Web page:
Monday, 22 December 2014

Post 187 Australian conifer species

Prospective native Australian tree - Mount Spurgeon Black Pine (MSBP)

Many in local bonsai circles are taken with the Japanese Black Pine, but not many people realise that we have our own indigenous ‘black pine’. Prumnopitys Ladei is a real mouthful but it is within the Pinales order along with every other conifer you could imagine. It is in the Podocarp family and so is closely related to things like the Podocarpus – or Podocarpus elatus (Brown Pine or Plum Pine or Illawarra Plum).
Prumnopitys ladei, is endemic to the Atherton Tablelands of north Queensland. The distribution is rare with plants only found growing on the granite-derived soils of Mount Spurgeon and Mount Lewis at elevations of 1000-1200 m.  P. ladei has been included in the Rare or Threatened Australian Plants list.

 The small distribution is in sharp contrast with the adaptability and hardiness of this conifer that shows great horticultural potential. Although found naturally in the wet tropics, it can be grown successfully in sub-tropical and cooler districts, such as Canberra.
It is a slow growing and very long lived species which can reach 20m in its natural rain forest habitat. 
 The leaves are small and are similar to those of the yew; strap-shaped, 10-40 mm long and 2-3 mm wide, with a heavy but soft texture.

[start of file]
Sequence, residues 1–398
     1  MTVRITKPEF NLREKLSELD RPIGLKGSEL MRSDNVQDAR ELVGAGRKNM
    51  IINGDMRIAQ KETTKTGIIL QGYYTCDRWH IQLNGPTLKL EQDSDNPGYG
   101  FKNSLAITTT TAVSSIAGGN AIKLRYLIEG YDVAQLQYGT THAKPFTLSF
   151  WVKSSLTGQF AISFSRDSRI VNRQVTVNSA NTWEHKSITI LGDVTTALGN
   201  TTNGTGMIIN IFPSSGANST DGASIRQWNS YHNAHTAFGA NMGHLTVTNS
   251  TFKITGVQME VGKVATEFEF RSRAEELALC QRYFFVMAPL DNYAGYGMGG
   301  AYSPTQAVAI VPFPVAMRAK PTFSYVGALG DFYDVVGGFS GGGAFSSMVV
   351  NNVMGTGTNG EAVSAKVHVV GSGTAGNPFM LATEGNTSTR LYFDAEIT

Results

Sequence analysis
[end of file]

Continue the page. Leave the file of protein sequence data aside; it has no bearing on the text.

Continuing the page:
The seed cones are highly modified, reduced to a central stem 1-5 cm long bearing several scales; from one to five scales are fertile, each with a single seed surrounded by fleshy tissue like a berry. This is a little similar to the podocarpus fruit.

In an open space it has a typical attractive coniferous upright conical shape very like swamp cypresses of a similar age.

It is suggested that the MSBP is a Gondwana plant – along with the Wollemi Pine. Here is a picture of the Wollemi leaf structure.
By comparison the Wollemi leaves are 30 to 80 mm long and 2 to 5 mm wide, not such a good bonsai prospect.

The leaf structure is very similar to the Coastal Redwood/ Californian Redwood of the USA north west coast (Sequoia sempervirens). The redwood is regularly used for bonsai in the 
The other tree with a similar foliage pattern is the Swamp Cypress even though it might be much softer and lighter weight

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